The question from the subject of this entry has arisen in me after a discussion with a colleague of mine. The very initial question on this subject was whether a library with contracts should be named:
- after the consumer, embedding its name in the contract, marking it as ‘it’s for this app’
- after the provider’s functionality, marking it as ‘this service part provides this functionality’
The answer may obvious from the development perspective. The second answer provides and abstraction over given functionality hence I prefer it over 1st. What does it mean for your organization? Well, you just have defined a contract of a service. If you have a system, with up to a few abstractions like this and a team behind it, you’ve got a real service, a real product owned by the team. This way of thinking in a long term may result in:
- team’s ownership feeling
- proper contracts versioning (as it is based on)
- top-bottom understanding of service boundaries and responsibilities
- distilling a single API for given set of functionalities
The other way may be good as:
- other teams may influence or dictate interfaces they need
- versioning may be much simpler (one consumer for the contract)
Which one should choose? There’s one point I didn’t mention before, which shows the winner. It’s the entanglement factor. The first solution introduces one functionality-one API rule and makes consumers obey the rules team wants to be obeyed, for example max number of items returned per request etc. The second is very similar to sharing the most internal parts of the system, almost like… db integration. A service team have to maintain and version multiple interfaces. Let us count it, being given
- n services
- each service depends on 3 others
when the first solution is chosen (one service-one API) the total number of published contracts is n. In the second case, it’s 3n and the responsibility for maintenance and fixes is blury. The second version reminds me of an entangled web with no owners. Everything is nobody’s nothing.
In my opinion, the bigger shift toward service/product paradigm, with team’s ownership of the product, not the code ownership, the healthier IT teams and product they make.
How about your company? Is it oriented around services?
From time to time a system is replaced with another system being capable of doing more, or doing the thing better. It’s quite to common to ask whether no data is lost or does the system preserve needed behaviors of the old one. Sometimes it’s human-application comparison, when a procedure followed by people is replaced with an application, sometimes it’s a question of an old system vs a new system
Cassandra integrity check
Let’s presume one migrates some old-fashioned SQL system to a Cassandra based solution given following:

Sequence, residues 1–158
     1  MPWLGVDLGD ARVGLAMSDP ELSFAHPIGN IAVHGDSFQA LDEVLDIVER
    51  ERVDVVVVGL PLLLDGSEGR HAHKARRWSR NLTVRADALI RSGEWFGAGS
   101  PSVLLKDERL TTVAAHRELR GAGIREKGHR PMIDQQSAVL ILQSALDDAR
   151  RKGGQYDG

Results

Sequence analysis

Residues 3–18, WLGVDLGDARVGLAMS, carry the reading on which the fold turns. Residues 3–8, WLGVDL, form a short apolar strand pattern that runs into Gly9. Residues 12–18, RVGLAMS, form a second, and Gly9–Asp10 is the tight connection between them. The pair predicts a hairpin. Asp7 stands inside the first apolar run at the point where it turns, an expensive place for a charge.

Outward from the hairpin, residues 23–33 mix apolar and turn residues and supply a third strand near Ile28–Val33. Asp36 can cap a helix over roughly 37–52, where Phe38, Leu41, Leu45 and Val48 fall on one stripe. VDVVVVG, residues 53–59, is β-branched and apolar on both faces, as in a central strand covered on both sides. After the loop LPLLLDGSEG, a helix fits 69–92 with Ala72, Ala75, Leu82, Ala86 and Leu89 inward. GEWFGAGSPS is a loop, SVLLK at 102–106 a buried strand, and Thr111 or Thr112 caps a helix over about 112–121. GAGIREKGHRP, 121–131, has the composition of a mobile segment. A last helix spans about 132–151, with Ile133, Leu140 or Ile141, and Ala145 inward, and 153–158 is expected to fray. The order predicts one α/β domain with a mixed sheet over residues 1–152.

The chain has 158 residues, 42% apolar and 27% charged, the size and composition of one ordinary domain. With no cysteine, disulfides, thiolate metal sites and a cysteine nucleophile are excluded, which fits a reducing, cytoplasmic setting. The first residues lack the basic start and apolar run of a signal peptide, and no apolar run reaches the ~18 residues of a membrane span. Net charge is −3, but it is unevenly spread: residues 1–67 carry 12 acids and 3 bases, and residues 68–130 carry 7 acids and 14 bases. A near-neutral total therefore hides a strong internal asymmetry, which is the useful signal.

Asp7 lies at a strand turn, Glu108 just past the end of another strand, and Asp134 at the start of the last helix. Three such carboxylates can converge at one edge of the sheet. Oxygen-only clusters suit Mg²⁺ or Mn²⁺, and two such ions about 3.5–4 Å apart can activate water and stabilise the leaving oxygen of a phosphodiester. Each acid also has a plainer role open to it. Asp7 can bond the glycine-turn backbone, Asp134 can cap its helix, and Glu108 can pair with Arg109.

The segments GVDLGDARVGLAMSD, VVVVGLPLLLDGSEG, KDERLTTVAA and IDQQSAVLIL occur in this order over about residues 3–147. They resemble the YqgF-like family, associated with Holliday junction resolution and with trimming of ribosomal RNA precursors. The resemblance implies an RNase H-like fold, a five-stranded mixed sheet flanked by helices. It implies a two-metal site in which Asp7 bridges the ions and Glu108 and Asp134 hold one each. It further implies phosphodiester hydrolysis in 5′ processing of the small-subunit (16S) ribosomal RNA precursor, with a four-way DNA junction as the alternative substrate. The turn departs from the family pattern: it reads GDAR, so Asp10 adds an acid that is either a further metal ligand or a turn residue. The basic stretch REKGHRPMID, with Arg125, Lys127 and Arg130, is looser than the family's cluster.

- total payload of daily data is quite high
- data are written to the Cassandra cluster (more than one node) with ConsistencyLevel Local Quorum
- there should be a possibility to check whether all the data stored in the previous systems are written to the new one
After a bit of consideration one can propose that as the data are written with LocalQuorum, they should be queried with the same level and match in the old solution. This would ensure that data which has been written are being read (famous R + W > N). This could cost a lot as querying hits [N+1]/2 nodes of your cluster, streaming a daily payload through network twice: once to the coordinator, second – to the client. Can we do this better?
Possibly faster integrity check
How about using Consistency Level of One? How can this be done to ensure that the given node consists of all the needed data? By running repair in your local data center on each node, one can ensure that each node consist of all the data it’s responsible for. Then, querying with One is ok. What’s important about nodetool repair is that it does not stream data if it’s not needed. The information sent to match if the given node contains all the data is a Merkle tree, a tree made by hash of hashes of hashes of… Sending this structure is cheap and doesn’t your network so much.
If you consider (know that) running repairs daily is a heavy task for your cluster, you’ll be happy to read about Cassandra 2.1 repair improvements, including incremental repairs.
So stop complaining about your good old fashioned RMDB and get yourself a new shiny cluster of Cassandra nodes :)
I read/watch a lot of stuff published on the infoq site. I enjoy it in the majority of cases and find it valid. Recently I read an article about Web APIs and Select N+1 problem and it lacks the very basic information one should provide when writing about the web and http performance.